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An in-depth introduction to software engineering that uses a systematic, universal kernel called Essence to teach essential elements of all software engineering methods

SEMAT (Software Engineering Methods and Theory) is an international initiative designed to identify a common ground, or universal standard, for software engineering. It is supported by some of the most distinguished contributors to the field. Creating a simple language to describe methods and practices, the SEMAT team expresses this common ground as a kernel–or framework–of elements essential to all software development. The Essence of Software Engineering introduces this kernel and shows how to apply it when developing software and communicating among teams and team members. It is a book for software professionals, not methodologists. Its usefulness to developers, who need to evaluate and choose the best practices for their particular projects, goes well beyond the description or application of any single methodology.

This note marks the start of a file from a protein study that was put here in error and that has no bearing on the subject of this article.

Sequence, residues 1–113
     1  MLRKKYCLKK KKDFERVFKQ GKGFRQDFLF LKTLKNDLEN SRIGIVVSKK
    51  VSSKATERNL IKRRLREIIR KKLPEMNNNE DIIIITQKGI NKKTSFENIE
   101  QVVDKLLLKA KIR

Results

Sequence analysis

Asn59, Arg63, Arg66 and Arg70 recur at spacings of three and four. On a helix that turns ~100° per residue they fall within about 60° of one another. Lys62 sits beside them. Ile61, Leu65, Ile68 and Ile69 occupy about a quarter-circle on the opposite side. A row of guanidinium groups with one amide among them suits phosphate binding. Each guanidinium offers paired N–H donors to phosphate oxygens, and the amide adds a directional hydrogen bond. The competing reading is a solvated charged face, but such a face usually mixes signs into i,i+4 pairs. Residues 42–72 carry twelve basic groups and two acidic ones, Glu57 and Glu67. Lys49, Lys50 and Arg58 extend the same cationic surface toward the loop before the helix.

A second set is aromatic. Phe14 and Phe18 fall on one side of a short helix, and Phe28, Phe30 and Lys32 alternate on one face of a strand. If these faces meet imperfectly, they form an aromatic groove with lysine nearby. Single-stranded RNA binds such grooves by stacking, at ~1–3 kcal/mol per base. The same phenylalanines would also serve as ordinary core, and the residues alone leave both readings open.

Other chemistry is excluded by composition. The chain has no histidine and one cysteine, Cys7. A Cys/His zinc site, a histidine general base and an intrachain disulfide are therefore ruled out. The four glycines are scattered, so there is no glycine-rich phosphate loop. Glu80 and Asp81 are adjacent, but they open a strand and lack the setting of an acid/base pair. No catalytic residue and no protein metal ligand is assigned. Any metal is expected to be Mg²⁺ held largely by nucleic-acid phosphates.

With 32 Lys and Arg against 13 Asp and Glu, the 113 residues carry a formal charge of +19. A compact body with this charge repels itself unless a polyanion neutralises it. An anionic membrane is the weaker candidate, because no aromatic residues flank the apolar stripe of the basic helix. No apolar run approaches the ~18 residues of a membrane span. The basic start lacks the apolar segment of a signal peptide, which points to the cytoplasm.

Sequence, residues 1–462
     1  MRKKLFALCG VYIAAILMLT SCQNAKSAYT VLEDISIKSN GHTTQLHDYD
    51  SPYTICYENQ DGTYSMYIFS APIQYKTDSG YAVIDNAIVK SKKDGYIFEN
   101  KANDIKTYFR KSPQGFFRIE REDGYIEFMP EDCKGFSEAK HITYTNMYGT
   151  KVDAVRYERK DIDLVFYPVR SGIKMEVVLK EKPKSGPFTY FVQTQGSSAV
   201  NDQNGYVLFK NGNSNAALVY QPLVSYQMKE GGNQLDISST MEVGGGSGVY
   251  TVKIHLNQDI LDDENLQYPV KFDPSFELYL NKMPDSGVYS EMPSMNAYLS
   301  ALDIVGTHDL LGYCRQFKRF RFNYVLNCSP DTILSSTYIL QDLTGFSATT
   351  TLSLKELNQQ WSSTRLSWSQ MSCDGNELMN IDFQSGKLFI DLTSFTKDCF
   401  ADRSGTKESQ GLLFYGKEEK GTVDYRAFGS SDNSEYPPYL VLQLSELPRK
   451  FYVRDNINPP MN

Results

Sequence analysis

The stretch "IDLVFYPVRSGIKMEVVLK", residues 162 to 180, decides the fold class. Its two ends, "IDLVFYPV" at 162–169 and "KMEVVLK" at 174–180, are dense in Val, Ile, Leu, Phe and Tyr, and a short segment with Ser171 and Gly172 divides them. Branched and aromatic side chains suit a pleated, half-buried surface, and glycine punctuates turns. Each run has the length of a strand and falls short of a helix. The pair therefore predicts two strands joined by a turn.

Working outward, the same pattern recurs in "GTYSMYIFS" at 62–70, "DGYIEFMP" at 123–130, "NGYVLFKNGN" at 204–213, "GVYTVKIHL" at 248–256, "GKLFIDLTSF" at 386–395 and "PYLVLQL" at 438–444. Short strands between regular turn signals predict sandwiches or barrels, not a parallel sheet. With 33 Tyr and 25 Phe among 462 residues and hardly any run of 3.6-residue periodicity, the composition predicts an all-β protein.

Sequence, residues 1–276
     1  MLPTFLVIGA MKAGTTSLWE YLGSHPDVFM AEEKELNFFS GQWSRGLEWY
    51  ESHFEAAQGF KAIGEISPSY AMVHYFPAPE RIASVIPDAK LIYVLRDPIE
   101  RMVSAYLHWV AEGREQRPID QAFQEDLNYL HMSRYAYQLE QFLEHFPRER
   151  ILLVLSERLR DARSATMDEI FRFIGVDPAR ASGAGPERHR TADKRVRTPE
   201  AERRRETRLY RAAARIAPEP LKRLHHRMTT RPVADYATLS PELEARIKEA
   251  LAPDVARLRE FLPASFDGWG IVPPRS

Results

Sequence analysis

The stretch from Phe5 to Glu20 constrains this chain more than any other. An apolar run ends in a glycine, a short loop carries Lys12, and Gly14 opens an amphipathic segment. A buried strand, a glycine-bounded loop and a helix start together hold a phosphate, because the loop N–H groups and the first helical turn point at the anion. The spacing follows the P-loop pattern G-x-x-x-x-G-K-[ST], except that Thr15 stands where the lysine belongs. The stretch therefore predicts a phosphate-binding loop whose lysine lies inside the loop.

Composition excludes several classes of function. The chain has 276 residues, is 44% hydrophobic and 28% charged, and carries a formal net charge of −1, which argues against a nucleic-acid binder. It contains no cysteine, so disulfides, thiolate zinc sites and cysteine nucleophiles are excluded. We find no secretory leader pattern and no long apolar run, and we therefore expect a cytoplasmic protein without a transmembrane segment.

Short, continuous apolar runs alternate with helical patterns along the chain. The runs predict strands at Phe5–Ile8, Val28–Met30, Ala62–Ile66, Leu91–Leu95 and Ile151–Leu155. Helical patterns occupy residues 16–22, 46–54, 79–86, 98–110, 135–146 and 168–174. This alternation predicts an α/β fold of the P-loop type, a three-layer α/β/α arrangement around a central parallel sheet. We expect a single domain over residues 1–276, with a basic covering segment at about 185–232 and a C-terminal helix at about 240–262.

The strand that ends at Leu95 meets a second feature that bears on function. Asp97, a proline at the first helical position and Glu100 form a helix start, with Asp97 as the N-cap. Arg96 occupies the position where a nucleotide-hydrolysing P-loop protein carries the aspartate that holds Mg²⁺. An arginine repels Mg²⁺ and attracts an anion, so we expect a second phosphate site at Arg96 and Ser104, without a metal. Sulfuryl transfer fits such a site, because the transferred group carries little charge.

Iterative processes have gained widespread acceptance because they help software developers reduce risk and cost, manage change, improve productivity, and deliver more effective, timely solutions. But conventional project management techniques don't work well in iterative projects, and newer iterative management techniques have been poorly documented. "Managing Iterative Software Development Projects" is the solution: a relentlessly practical guide to planning, organizing, estimating, staffing, and managing any iterative project, from start to finish. Leading iterative development experts, Kurt Bittner and Ian Spence introduce a proven, scalable approach that improves both agility and control at the same time, satisfying the needs of developers, managers, and the business alike. Their techniques are easy to understand, and easy to use with any iterative methodology, from Rational Unified Process to Extreme Programming to the Microsoft Solutions Framework. Whatever your role- team leader, program manager, project manager, developer, sponsor, or user representative - this book will help you: * understand the key drivers of success in iterative projectsleverage "time boxing" to define project lifecycles and measure results * use Unified Process phases to facilitate controlled iterative development * master core concepts of iterative project management, including layering and evolution * create project roadmaps, including release plans * discover key patterns of risk management, estimation, organization, and iteration planning * understand what must be controlled centrally, and what you can safely delegate; transition smoothly to iterative processes * scale iterative project management from the smallest to the largest projects * and align software investments with the needs of the business. Whether you are interested in software development using RUP, OpenUP, or other agile processes, this book will help you reduce the anxiety and cost associated with software improvement by providing an easy, non-intrusive path toward improved results - without overwhelming you and your team.